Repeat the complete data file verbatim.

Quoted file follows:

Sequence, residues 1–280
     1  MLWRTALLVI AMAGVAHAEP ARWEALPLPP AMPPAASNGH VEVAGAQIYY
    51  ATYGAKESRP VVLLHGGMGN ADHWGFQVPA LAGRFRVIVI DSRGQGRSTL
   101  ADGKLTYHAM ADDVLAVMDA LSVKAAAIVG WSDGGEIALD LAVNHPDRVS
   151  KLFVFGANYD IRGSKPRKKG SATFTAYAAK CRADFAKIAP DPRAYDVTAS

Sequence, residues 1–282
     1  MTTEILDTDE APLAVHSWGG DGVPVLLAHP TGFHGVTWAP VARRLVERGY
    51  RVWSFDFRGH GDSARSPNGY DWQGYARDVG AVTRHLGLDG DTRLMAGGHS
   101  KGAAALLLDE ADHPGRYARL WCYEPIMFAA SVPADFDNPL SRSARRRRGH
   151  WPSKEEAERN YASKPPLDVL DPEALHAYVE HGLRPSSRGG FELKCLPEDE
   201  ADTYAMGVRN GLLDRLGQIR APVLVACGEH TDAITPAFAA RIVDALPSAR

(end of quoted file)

Sequence, residues 1–280
     1  MLWRTALLVI AMAGVAHAEP ARWEALPLPP AMPPAASNGH VEVAGAQIYY
    51  ATYGAKESRP VVLLHGGMGN ADHWGFQVPA LAGRFRVIVI DSRGQGRSTL
   101  ADGKLTYHAM ADDVLAVMDA LSVKAAAIVG WSDGGEIALD LAVNHPDRVS
   151  KLFVFGANYD IRGSKPRKKG SATFTAYAAK CRADFAKIAP DPRAYDVTAS

Sequence, residues 1–282
     1  MTTEILDTDE APLAVHSWGG DGVPVLLAHP TGFHGVTWAP VARRLVERGY
    51  RVWSFDFRGH GDSARSPNGY DWQGYARDVG AVTRHLGLDG DTRLMAGGHS
   101  KGAAALLLDE ADHPGRYARL WCYEPIMFAA SVPADFDNPL SRSARRRRGH
   151  WPSKEEAERN YASKPPLDVL DPEALHAYVE HGLRPSSRGG FELKCLPEDE
   201  ADTYAMGVRN GLLDRLGQIR APVLVACGEH TDAITPAFAA RIVDALPSAR